Over the past several months, U. S. and New York State banking regulators have brought charges against a number of European banks, mostly for irregularities with regard to money transfers–through their American affiliates–with countries that are “blacklisted” by the U.S.  Banco Espírito Santo S.A, Portugal’s largest bank, went through that process in 2012.  And now, the on-going economic problems have focused, once again, on the bank and its parent, Espirito Santo International (ESI) .

Today, trading in the shares of Espirito Santo were halted, when it had failed to repay maturing commercial paper (which are short-term notes), and the stock dropped in value by more than 19 percent.  This follows perceived weakness in the shares of bank stocks in Greece and Italy and, certainly, there has to be some carry-over to other European Bank stocks, as well.  Whenever there is a problem–real or otherwise--with banks’ customers head for the exits.

As noted in prior Blog Posts, most banks Worldwide are still undercapitalized–but, especially the large ones, which tend to take on more risk.  Unfortunately, the very large ones–the so-called Too Big to Fails–are perceived as having an implicit guarantee by their respective governments.  That has always been the case, especially in Europe.  But, given the continued weakness in the overall European economy, the strength of many of the countries to back their respective Too Bigs can be suspect, as well.

When the Worldwide Financial Melt-Down appeared to start recovering in early 2009, most American banks sold shares to increase their Equity Capital.  I still agree with the Federal Reserve that they should raise more; however, U. S. banks are still in much stronger condition than their European counterparts.  Banks continue to fight raising the additional Capital since it becomes an additional drag on the bank’s profitability.  Remember that the banks’ earnings generally tend to impact executives’ compensation.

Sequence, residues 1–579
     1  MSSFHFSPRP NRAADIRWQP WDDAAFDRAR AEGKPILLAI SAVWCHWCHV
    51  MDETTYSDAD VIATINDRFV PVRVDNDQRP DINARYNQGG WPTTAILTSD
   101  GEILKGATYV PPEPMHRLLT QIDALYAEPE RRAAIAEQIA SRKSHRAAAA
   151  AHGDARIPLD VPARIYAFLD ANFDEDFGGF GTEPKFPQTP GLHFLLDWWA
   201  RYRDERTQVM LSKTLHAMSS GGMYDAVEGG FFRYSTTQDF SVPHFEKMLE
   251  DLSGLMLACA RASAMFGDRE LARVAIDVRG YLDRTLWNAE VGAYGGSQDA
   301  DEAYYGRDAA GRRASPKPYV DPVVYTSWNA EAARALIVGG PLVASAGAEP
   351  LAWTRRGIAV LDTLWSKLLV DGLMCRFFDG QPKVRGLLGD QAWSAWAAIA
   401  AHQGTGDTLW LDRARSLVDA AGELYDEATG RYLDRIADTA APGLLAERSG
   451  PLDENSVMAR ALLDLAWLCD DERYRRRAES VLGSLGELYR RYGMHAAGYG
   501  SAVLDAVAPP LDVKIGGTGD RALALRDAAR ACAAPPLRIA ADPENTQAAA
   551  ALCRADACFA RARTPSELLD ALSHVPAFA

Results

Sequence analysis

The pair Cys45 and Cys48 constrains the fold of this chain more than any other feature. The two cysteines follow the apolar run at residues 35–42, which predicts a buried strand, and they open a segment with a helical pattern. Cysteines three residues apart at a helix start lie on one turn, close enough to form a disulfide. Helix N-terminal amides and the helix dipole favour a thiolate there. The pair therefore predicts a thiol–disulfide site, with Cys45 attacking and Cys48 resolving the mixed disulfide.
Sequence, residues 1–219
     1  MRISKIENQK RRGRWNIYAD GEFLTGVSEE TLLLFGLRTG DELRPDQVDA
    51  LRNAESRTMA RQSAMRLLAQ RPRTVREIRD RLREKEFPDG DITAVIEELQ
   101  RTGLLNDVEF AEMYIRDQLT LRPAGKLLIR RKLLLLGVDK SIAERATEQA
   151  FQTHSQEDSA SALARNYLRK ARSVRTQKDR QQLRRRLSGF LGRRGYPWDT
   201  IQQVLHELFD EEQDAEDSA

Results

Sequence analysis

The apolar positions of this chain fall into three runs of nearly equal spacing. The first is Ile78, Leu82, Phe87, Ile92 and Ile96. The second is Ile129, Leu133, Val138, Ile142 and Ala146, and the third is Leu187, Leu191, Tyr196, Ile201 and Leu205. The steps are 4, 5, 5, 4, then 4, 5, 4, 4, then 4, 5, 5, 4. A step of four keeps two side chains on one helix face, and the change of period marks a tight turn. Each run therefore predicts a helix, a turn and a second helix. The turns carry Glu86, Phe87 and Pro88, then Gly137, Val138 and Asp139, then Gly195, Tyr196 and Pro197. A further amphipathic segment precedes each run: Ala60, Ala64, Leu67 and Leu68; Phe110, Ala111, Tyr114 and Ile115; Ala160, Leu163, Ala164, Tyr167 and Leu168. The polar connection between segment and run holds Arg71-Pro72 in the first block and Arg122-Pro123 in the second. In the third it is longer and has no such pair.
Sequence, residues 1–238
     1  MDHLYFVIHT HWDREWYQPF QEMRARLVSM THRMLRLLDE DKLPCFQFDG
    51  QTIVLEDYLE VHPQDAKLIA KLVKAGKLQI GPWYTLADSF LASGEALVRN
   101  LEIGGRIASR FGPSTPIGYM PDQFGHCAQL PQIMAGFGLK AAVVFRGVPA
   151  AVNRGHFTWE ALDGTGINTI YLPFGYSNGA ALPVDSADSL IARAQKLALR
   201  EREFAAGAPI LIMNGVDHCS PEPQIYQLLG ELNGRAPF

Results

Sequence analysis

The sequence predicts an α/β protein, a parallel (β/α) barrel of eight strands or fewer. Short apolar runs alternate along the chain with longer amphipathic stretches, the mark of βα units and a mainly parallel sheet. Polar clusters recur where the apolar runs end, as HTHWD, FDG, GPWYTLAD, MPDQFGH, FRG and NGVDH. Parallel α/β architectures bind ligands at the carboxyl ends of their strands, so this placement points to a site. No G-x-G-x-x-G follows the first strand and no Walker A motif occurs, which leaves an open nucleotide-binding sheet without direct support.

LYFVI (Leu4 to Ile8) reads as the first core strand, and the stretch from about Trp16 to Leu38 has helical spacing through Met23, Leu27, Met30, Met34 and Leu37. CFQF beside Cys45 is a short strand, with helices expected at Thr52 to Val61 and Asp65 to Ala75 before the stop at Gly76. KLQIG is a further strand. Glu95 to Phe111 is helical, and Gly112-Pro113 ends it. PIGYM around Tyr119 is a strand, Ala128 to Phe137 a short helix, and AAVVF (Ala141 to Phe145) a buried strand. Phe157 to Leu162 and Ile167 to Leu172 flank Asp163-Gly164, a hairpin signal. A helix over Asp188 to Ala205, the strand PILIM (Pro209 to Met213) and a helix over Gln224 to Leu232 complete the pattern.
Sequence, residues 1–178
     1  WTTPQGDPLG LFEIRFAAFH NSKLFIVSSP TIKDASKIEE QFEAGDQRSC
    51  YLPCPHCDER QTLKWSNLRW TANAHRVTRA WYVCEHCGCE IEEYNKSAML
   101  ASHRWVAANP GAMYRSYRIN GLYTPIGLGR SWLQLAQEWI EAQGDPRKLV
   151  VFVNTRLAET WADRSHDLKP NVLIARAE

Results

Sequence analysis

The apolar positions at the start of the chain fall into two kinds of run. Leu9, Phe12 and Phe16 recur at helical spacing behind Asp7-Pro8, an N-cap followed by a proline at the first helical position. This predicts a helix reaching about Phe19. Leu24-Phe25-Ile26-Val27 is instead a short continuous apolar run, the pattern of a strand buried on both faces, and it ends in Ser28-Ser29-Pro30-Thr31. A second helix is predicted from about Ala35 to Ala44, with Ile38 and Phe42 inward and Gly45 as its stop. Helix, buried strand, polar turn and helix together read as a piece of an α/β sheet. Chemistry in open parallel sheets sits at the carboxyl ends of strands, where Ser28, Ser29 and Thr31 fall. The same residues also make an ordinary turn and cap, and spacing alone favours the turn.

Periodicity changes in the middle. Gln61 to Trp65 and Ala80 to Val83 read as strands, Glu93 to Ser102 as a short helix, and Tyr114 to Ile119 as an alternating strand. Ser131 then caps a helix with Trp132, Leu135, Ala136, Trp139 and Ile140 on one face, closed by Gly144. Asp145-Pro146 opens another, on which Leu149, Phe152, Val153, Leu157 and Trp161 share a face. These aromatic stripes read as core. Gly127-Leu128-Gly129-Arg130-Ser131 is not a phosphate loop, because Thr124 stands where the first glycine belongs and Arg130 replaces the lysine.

The Government of Portugal has not repaid all of its Debt to the European Central Bank, and the E.C.B. has also made loans directly to Portuguese banks, including Espirito Santo.  At the same time, as the economic recovery within the Eurozone continues to drag-on quite slowly, there are concerns, once again, of a resurgence of the European Debt Crisis.  Oh, what a little additional Capital can do!

Once again, the on-going problems within the Eurozone seem to speak volumes about the ten European countries that did not sign-onto the common currency–the EURO. Those countries still have control of their own Monetary Policy, along with their respective national currencies.  The E.C.B. can only do much to coordinate the needs of the eighteen countries in the Zone.  But, coordination certainly is not as powerful as the actual control that countries like the Netherlands, Sweden and U.K have.  Europe!



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